Not long after Michael and Jodi met, Terri’s internist, Dr. Patrick Mulroy, delivered a crushing assessment:

“This is the way Terri is going to be the rest of her life. Why don’t you let her go? Why don’t you stop her feeding?” Oh, God. Stop her feeding? He told me it would be painless. Her organs would gradually shut down. My mind was reeling. I felt empty and alone.

Terri’s neurologist was even blunter.

He smacked me with the medical equivalent of a two-by-four: “Why do you let her live? She died three years ago.” Can you imagine how it feels to get asked that question? Later I thought about the time Terri spoke of her uncle Fred, who’d lost his wife and child in a train wreck. Distraught, he got drunk and wrapped his car around a telephone pole. He was never the same, unable to walk or do things for himself. That’s when Terri said, “I would never want to live like that. I would want to just die.”

Schiavo transferred Terri to a Largo, Fla., nursing home. The Schindlers began a decadelong effort to have him removed as Terri’s legal guardian. Along with that battle, he was fighting his increasingly strong feelings for Jodi.

As our friendship started to grow into something more, I just could not handle the guilt inside me for having strong feelings for two women. It began a pattern of breakups over the next years. Our next breakup was around Valentine’s Day. I sent red roses to Terri’s room, went to visit her, and sat and cried. Jodi and I reconciled, and by 1995 had built a house together.

In 1997 Michael’s mother, Claire, died of cancer of the gallbladder. Watching her lie helpless in her last days was a turning point. In May 1998 Michael petitioned to remove Terri’s feeding tube. The Schindlers contested, igniting a tortuous battle over Terri’s life played out through a series of lawsuits and appeals, emergency federal legislation and much media debate.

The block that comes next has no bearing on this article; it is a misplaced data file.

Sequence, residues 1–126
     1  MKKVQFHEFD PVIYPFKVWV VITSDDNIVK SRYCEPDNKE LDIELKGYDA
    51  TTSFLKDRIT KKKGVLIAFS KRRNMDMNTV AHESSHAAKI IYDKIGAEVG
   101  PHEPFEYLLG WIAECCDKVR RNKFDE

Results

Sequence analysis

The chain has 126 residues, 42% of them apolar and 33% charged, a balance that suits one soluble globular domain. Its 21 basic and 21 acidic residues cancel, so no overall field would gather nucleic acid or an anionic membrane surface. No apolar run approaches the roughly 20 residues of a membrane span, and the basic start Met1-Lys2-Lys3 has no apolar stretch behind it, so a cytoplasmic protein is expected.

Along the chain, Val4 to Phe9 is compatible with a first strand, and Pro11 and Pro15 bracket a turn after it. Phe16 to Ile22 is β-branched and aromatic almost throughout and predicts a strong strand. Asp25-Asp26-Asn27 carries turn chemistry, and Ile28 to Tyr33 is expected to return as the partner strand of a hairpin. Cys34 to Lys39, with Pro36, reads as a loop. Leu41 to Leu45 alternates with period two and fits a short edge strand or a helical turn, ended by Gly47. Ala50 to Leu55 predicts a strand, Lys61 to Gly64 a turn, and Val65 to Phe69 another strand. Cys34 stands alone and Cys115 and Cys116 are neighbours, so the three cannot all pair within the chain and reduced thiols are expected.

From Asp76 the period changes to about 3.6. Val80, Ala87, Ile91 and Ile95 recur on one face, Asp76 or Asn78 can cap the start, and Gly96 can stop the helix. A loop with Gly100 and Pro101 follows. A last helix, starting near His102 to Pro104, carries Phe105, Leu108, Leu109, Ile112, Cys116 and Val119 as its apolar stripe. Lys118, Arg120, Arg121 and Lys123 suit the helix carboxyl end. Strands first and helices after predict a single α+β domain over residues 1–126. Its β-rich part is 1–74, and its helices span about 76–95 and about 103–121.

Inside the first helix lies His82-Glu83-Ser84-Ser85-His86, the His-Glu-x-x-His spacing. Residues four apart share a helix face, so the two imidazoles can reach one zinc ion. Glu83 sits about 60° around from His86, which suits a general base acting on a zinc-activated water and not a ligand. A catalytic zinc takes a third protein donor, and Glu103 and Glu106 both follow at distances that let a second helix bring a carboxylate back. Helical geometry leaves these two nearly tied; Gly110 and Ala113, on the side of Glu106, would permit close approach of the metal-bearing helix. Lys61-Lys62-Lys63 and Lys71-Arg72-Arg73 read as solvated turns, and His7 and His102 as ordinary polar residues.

Now, you may be thinking the Schindlers were only trying to save their daughter. I do have sympathy for them. Terri was their daughter. Losing Terri would be extraordinarily painful. But when the personal attacks on me and, later, on Jodi and my children grew, and I was accused of murder, abuse, negligence and a host of other horrible things, I could not just let those attacks roll off my back.

Schiavo kept fighting, and on Oct. 15, 2003, Terri’s feeding tube was taken out.

No one was admitted in the room as a doctor and nurse removed the tube. I arrived shortly thereafter and remained in the hospice until the evening after Terri passed away. In front of the hospice, it sounded like a rowdy tailgate party. There were all sorts of demonstrators, ranging from elderly women who prayed silently to a raucous group shouting “Let Terri live!” For everyone who didn’t know Terri, this was a theatrical moment filled with political drama. For me, it meant my wife was going to die.

In fact, she wasn’t—not yet. A week after the tube was removed, Gov. Jeb Bush signed Terri’s Law, enabling him to order it reinserted. The legal and political wrangling continued, but Michael ultimately prevailed.

Walking into Terri’s room on March 30, 2005, I could see the end was close. She looked peaceful. She’d breathe very fast, and then break out of it. She wasn’t blinking regularly, and her eyes were sunken. There were purplish blotches on her legs and arms. Her skin wasn’t shriveled, in fact, it was very smooth.

That’s what Michael Schiavo, the registered nurse, could see. But Michael Schiavo, the husband, was going through an emotional upheaval. A numbing pain deep inside. An aching in my heart. We used to be a couple and now we weren’t going to be one anymore. That evening, I camped in the room with Terri, whose breathing was becoming more labored. We were playing Celine Dion, then some soft background music. I held Terri’s hand most of the night.

[The next morning] Terri’s breathing pattern started to change. [Then] it stopped. It was 9:05 a.m. I was kneeling next to the bed, cradling Terri. I was sobbing as I tried to tell her it was okay, it was over. I remember saying “you can be at peace now.” The hospice workers bathed her, then I went back into the room with her. I knelt down, gave her a final kiss, and whispered that I love her, and we’d see each other again.

As strange as it seems to say it now, I was happy for her. She was finally free.